Area360 launches Ticketure, in a bid to disrupt the major ticketing companies

Area360’s Ticketure, a platform looks set to create competition for the likes of Ticketmaster and Ticketek by ...
Domino Postiglione

Area360’s Ticketure, a platform looks set to create competition for the likes of Ticketmaster and Ticketek by drastically reducing fees passed onto the consumer.

A Wellington software development company wants to turn the ticketing industry on its head, pledging to take the sting out of buying tickets online.

Area360 has created Ticketure, a platform which allows an organisation to sell its own tickets over its own website, which will remove extra fees charged by the major ticketing organisations.

Chief executive Chris Smith said the technology could significantly change the events market, creating competition for the likes of Ticketmaster and Ticketek.

Area360 chief executive Chris Smith says this new platform Ticketure will disrupt the industry by making it cheaper to ...

Area360 chief executive Chris Smith says this new platform Ticketure will disrupt the industry by making it cheaper to buy tickets.

"This product was designed to disrupt the ticket industry, transforming the problems with fees."

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Area360 was working with about 30 New Zealand sports and attraction institutions.

About five of them were evaluating the company's platform and considering how to deploy the technology.

New Zealand would likely see "some big names" start using the ticket platform in next few months, he said.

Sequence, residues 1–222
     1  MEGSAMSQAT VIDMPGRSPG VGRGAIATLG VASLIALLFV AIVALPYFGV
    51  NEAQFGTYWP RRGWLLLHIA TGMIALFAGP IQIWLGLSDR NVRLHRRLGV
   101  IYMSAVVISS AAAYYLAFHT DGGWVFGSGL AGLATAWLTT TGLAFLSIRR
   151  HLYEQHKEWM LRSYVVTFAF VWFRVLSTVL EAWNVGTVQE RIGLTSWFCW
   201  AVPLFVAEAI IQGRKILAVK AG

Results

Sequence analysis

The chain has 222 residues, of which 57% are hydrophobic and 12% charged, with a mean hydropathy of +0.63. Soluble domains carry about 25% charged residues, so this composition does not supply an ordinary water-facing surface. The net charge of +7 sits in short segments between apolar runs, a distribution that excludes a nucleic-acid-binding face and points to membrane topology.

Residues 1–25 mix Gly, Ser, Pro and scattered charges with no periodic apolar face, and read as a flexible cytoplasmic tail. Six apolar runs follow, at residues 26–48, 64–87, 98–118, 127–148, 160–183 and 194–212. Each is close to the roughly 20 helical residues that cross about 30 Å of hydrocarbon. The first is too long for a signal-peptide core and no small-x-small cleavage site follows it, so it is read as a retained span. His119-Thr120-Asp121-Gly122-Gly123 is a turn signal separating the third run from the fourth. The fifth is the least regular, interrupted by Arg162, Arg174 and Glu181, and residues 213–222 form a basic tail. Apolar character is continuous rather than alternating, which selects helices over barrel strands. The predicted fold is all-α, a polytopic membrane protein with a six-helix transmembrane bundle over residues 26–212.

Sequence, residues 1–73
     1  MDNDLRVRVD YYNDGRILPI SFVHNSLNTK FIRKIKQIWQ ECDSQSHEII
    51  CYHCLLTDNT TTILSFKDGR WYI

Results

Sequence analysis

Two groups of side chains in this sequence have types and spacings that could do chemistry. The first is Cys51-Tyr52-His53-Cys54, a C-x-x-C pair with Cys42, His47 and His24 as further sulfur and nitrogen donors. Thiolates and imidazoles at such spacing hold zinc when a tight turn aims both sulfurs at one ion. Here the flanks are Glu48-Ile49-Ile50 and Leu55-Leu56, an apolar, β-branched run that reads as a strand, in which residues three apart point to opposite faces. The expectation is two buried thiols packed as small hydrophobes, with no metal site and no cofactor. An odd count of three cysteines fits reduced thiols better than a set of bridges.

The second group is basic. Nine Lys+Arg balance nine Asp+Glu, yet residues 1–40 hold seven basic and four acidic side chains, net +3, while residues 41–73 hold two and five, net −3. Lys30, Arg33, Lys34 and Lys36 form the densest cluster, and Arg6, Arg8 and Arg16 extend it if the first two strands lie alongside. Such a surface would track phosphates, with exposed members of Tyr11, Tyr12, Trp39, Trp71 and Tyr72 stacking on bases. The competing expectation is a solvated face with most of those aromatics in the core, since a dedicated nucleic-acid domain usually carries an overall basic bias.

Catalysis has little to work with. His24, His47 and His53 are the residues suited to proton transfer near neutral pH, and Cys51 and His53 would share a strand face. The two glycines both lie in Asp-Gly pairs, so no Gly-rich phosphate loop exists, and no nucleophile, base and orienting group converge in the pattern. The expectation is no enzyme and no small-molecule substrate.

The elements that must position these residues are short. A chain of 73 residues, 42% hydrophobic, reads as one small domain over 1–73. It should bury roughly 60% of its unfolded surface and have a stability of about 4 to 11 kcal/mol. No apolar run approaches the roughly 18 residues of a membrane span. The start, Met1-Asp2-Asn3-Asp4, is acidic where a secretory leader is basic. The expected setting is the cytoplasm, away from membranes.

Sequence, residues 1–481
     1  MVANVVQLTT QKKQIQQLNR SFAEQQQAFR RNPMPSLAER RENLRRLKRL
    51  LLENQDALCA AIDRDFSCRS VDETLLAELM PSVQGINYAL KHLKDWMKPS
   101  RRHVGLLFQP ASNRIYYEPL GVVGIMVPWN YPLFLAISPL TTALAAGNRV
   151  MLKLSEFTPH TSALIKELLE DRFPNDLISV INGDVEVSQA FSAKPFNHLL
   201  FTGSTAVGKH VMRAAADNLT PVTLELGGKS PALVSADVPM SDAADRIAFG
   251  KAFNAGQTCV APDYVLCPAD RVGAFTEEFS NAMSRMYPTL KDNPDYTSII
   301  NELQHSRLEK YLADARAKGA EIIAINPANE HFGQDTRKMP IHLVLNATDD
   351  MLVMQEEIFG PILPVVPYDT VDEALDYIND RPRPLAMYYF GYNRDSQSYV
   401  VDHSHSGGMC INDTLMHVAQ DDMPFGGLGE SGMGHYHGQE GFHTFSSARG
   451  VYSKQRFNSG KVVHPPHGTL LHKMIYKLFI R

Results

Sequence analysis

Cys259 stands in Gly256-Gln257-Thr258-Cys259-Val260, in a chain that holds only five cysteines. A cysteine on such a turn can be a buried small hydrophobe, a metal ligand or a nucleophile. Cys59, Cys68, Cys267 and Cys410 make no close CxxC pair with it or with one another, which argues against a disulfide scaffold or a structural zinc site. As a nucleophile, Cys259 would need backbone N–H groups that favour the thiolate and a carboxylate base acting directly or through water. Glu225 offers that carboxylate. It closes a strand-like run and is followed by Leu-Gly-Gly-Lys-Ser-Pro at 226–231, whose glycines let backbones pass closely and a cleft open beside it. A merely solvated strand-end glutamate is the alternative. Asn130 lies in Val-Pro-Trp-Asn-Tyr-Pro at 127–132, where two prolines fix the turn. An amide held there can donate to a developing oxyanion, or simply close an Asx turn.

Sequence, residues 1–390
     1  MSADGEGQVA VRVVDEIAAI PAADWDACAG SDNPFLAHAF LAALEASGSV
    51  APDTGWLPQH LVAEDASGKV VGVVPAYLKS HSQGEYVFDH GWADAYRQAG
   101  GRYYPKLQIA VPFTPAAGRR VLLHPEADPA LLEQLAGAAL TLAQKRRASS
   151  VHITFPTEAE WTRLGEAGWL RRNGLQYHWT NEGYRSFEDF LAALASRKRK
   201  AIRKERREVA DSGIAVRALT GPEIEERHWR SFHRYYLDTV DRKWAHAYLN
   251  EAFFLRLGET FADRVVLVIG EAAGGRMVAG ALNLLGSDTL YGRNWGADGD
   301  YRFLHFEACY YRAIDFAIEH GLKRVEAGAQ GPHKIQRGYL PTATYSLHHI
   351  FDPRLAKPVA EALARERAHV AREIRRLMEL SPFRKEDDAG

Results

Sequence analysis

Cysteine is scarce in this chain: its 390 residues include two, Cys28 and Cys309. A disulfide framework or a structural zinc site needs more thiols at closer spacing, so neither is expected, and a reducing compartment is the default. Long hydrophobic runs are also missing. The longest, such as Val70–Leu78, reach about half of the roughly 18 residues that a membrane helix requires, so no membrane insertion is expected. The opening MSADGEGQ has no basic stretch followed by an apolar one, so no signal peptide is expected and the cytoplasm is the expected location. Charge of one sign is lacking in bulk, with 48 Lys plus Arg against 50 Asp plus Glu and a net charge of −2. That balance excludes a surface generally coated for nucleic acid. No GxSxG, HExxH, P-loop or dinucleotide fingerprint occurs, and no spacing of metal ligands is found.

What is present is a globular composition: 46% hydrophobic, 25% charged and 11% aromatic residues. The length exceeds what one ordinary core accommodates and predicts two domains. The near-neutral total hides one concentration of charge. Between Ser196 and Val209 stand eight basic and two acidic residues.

The current ticketing system was based on a traditional model that had manual components, which was why there were so many fees.

Automated technology would change the way people bought tickets because it would improve data ownership and processing issues, Smith said.

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"This means we will be able to drastically reduce the fee institutions pay to a ticketing company, which ultimately means a drastically reduced fee passed onto the consumer. It will be a win-win situation where you pay less but our margins are just as high because we reduced expense."

The platform was launched about five months ago in the world-renowned Broad Museum in Los Angeles, selling 160,000 tickets.

It deliberately launched overseas, with some of the largest venues in the world, which had gained attention from competitors, Smith said.

He planned to continue growing research and development in Wellington and roll out all its capabilities aggressively in New Zealand.

Area360 was previously known as Stqry, which created an information app that is used in 500 museums around the world, and was inspired by Wellington Zoo.

Stqry was still operating and the business had resources to support the app but it was no longer the primary focus, he said.

In September last year Stqry closed a $5.5 million funding round and announced the name change to expand overseas.

The new name would distinguish Stqry from new products, Smith said.

Area360 also wanted to disrupt the way consumers interacted with institutions they were buying tickets.

It had developed a mobile system that would eliminate the need to queue at various ticket counters in venues.

An app had been developed allowing users to buy and print tickets on the spot.

"We want to revitalise all concepts of ticketing and make it a seamless experience. For example a visitor will be able to buy a ticket from a staff member in the lobby instead of lining up at a desk and filling out forms," Smith said.

The company set up a US headquarters in Seattle and hired an executive team there.

Its advisors include Gareth Morgan, Dion Mortensen, Alan Gourdie and Sven Baker.

Smith, who is from the United States, moved to Wellington ten years ago to study at Victoria University.

In 2008 he co-founded Dash to sell affordable tickets for university events. This "hobby" soon became a business, which was sold to TicketDirect in 2013.

 

 - Stuff

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